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How to Automate Python Script Execution with AWS Lambda

Updated: Jan 17, 2022

I love automating tasks whenever possible. The tedium of repetition is something that blocks productivity and the ability to focus on bigger and more important projects.

I’m also a huge proponent of automated monitoring. This is essentially a hands-free approach to making sure everything is working as expected. As an SEO, this is critical because I’ve seen many unexpected and uncaught changes have a dramatic impact on SEO performance. Have you ever seen a site‘s homepage deindexed over the holidays and nobody was around to catch it until after Santa got back to the north pole? I feel like every SEO has a story like this.

But the point is, manually checking for every unprecedented event simply isn’t feasible, nor is it effective. The approach that I like to take is, “automate and alert” - I.e automate the process of checking and alert when there are anomalies. To help me with this process, I use AWS Lambda to run my code based on whatever event I decide appropriate. In the context of ”automate and alert” it’s typically timed intervals.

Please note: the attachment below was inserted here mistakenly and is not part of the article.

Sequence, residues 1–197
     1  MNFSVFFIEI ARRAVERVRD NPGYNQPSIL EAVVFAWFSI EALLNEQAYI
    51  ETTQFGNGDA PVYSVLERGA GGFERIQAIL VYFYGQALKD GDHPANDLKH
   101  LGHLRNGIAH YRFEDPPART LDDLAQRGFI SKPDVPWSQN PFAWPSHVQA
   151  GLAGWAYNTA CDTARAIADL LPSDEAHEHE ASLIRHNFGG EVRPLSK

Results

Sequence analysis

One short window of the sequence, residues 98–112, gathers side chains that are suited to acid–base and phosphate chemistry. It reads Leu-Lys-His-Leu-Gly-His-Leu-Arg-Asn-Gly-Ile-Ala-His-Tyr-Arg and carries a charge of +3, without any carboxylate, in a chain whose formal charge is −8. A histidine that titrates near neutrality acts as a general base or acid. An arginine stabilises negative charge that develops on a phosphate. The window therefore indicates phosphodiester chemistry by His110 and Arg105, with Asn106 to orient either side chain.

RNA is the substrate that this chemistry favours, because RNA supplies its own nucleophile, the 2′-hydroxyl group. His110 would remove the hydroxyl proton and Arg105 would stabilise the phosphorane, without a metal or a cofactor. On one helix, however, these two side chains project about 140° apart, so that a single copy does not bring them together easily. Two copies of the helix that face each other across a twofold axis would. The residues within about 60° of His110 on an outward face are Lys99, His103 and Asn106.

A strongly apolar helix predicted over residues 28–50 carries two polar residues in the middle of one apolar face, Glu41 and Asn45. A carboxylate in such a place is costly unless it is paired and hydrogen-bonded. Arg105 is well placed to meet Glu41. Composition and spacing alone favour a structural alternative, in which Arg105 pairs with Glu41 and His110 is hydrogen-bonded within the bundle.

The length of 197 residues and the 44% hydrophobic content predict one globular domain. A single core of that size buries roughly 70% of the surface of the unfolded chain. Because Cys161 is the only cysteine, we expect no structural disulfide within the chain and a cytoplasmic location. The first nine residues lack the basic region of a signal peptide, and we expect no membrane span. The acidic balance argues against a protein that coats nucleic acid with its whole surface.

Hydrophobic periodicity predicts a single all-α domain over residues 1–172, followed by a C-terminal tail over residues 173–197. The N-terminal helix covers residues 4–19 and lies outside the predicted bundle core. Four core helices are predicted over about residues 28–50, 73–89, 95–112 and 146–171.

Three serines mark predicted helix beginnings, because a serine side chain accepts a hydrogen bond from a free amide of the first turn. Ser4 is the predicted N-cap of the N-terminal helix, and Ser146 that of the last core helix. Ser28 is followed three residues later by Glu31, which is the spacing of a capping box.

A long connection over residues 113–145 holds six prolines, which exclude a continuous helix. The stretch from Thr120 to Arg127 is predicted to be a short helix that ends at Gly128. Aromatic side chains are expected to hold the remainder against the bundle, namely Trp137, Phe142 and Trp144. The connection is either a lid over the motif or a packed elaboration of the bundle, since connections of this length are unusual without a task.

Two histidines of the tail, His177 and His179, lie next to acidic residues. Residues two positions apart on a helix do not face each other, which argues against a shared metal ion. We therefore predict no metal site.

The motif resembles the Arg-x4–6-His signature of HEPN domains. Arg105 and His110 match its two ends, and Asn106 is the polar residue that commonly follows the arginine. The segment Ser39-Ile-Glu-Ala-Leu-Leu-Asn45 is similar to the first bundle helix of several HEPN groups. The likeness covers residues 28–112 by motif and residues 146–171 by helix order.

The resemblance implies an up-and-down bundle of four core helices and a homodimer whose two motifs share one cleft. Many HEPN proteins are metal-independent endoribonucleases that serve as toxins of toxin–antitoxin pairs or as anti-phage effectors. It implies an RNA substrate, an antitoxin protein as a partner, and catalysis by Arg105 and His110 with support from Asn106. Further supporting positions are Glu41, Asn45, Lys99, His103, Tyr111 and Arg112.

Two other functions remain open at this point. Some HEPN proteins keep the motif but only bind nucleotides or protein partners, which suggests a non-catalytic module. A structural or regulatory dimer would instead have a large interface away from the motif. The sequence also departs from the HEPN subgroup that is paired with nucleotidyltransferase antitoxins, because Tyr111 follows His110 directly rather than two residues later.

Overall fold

There is of course a seemingly infinite number of applications for AWS Lambda beyond what I just described, however, below I’ll outline my setup for the “automate and alert” approach.

But before we begin, one housekeeping item. This tutorial is for Macs only. Sorry Windows peeps!

Step 1: Create an AWS Account

To use the AWS Lambda service, you’ll first need to set up an AWS account. It’s free and you can set one up here.

Step 2: Create a Lambda Function

Once you're up and running with an AWS account, you'll want to go to the Lambda Service.

Then you're going to create a function.

There are a few options that you can select to create your function, however, I typically just choose to "Author from scratch." Next, you'll need to input the function name and then select the language that you'll be using for your function which in our case is Python 3.9. Once that's configured you can create your function.